* FTSE 100 up 0.1 pct at 6,739.23 points
By Francesco Canepa
LONDON, Nov 1 (Reuters) - A 7 percent dive for Royal Bank of Scotland held back Britain's main share index on Friday, poor results for the state-controlled lender overshadowing its moves to deal with a $61 billion portfolio of bad debts.
Joining the country's fifth biggest bank by capitalisation among top fallers was aircraft parts supplier Meggitt, down 10 percent and on course for its worst daily loss in 12 years after it cut its full-year revenue guidance.
The two firms results added to a largely negative tone from corporate reports this week and drove heavy selling of both stocks, with volume more than twice their respective full-day averages for the past three months, compared with less than 40 percent for the FTSE 100.
As the earnings season passes the half-way mark, 53 percent of companies so far in the STOXX Europe 600 index have missed consensus expectations, compared with less than half in recent quarters, running somewhat contrary to the growing optimism about Britain's macroeconomic numbers.
Analysts have cut their estimates for next year's earnings from British companies by 1.1 percent in the past 30 days, and now the mean estimate from the analysts with the best track record is for a 10.8 percent growth rate.
"We're still waiting for this point when we can proclaim 'yes earnings growth is picking up significantly'," Lars Kreckel, global equity strategist at Legal & General Investment Management, said.
"We've done a lot of pricing out of risk and...my base case is that equities have roughly an upside equivalent to the earnings growth that we can expect (next year)."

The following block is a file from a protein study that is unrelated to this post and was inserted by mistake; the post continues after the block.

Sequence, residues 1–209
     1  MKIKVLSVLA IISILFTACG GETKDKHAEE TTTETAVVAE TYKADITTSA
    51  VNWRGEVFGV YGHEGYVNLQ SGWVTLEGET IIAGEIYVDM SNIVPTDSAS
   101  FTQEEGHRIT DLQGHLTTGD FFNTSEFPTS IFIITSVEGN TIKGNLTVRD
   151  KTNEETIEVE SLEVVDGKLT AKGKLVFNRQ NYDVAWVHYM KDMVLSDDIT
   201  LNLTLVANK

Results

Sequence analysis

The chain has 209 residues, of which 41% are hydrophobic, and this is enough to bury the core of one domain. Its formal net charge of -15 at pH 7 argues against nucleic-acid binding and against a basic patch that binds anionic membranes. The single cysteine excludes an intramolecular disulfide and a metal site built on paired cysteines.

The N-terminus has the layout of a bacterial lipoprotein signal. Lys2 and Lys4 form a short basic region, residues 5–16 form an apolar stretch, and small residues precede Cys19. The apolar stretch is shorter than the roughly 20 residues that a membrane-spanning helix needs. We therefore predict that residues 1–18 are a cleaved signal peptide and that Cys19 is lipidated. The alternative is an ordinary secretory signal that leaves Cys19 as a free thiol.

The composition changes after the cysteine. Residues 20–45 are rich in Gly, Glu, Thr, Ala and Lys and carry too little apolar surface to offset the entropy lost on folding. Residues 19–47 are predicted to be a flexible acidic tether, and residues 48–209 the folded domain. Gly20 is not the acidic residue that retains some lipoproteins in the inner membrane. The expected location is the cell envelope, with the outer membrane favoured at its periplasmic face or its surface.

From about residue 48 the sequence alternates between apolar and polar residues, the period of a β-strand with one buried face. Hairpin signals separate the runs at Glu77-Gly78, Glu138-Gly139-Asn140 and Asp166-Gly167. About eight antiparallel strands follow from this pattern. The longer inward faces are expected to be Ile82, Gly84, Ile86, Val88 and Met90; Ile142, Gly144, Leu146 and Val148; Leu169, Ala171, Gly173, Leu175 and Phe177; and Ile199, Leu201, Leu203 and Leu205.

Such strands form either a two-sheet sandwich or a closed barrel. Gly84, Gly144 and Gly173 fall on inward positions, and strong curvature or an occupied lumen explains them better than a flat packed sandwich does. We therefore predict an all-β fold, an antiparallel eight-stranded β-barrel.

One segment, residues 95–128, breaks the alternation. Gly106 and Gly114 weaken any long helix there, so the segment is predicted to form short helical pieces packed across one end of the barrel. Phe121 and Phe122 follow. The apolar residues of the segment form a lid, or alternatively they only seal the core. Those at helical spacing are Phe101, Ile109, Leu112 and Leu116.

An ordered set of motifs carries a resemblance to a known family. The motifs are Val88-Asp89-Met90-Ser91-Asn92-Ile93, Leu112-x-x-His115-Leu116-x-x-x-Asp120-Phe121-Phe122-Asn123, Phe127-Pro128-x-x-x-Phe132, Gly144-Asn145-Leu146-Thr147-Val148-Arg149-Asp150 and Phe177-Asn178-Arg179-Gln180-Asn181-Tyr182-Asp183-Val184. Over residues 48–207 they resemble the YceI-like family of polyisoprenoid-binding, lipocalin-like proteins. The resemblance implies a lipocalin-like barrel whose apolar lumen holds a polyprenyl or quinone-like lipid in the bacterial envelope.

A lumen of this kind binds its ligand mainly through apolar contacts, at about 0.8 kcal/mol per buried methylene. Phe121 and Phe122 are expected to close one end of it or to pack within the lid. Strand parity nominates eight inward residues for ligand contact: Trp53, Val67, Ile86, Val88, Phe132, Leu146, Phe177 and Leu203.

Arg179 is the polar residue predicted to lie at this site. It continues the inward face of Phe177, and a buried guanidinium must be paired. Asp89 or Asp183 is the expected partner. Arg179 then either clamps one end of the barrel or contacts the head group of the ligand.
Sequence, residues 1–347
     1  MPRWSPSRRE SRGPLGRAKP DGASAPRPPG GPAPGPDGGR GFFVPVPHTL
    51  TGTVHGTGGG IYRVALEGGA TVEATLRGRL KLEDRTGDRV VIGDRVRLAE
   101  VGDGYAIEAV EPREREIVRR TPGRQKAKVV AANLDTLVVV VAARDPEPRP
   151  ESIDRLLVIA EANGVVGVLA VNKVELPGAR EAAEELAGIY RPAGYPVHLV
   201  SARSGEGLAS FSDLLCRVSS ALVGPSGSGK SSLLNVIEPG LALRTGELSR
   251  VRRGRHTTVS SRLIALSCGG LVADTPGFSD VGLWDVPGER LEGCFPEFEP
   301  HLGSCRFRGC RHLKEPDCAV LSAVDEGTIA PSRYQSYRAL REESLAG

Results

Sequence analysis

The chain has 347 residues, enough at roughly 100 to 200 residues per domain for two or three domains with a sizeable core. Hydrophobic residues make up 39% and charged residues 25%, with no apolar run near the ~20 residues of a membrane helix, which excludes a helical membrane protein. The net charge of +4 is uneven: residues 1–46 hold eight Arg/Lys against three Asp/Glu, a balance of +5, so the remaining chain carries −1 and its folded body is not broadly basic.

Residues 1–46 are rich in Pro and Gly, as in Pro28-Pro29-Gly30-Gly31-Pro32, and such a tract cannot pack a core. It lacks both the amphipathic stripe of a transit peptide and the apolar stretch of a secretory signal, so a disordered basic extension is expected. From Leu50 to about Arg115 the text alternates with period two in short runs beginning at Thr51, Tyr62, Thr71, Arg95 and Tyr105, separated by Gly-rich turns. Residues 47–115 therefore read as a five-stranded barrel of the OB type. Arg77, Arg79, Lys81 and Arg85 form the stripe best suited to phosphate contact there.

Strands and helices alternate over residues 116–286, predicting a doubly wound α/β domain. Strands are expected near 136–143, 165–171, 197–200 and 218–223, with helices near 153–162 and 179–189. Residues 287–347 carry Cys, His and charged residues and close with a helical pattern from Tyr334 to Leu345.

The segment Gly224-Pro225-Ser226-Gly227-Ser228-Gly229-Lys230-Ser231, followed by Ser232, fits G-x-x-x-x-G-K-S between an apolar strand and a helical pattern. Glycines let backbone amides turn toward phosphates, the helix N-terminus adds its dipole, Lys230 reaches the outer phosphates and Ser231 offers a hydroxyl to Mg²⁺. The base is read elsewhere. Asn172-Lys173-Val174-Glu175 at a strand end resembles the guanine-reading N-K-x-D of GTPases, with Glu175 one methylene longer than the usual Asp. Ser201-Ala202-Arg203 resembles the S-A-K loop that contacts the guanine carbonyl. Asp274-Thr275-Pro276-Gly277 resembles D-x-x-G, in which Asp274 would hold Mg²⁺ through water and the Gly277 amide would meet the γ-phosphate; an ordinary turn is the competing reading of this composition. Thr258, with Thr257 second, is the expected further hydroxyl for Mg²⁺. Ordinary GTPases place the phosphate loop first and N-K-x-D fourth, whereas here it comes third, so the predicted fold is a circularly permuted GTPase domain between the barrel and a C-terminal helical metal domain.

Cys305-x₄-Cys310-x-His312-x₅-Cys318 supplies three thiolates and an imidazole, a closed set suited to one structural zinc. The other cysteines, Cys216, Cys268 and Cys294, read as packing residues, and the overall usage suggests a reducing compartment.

The FTSE 100 was up 7.8 points, or 0.1 percent, at 1154 GMT at 6,739.23 points, having come off an intra-day low of 6,715.30 points as U.S. futures pointed to a higher start on Wall Street. The index is still up 12.5 percent from its June closing low.
PLANS AS EXPECTED
RBS' plan to create an internal "bad bank" was seen as likely to lead to an acceleration in the number of impaired loans in the fourth quarter. The plan of itself, which analysts said was largely as expected and a relief for traders who had feared an outright spinoff, could not offset results that were much worse than forecast.
"Traders hoping for a treat were spooked by the Halloween numbers delivered by RBS this morning," Marc Kimsey, senior trader at Accendo Markets, said. "The bank is a long way behind peers Lloyds and Barclays (LSE: BARC.L - news) , and remains the ghoul of the sector."
Societe Generale (Paris: FR0000130809 - news) 's derivative strategists said a rally in the FTSE was now likely to pause and recommended that investors sell options to buy the index at 7,000 points by December.
Providing some support was telecoms firm Vodafone, which added 10 points to the index after Bloomberg reported late on Thursday that AT&T (NYSE: T - news) was exploring a potential takeover of the company, Europe's largest mobile carrier.
BofA Merrill Lynch, which sees the UK mobile company as a good cultural fit with AT&T, said it expects Vodafone's shares, currently at 230.42 pence, to rise 27 pence and that a potential bid from AT&T could offer further upside. (Reporting By Francesco Canepa; editing by Patrick Graham)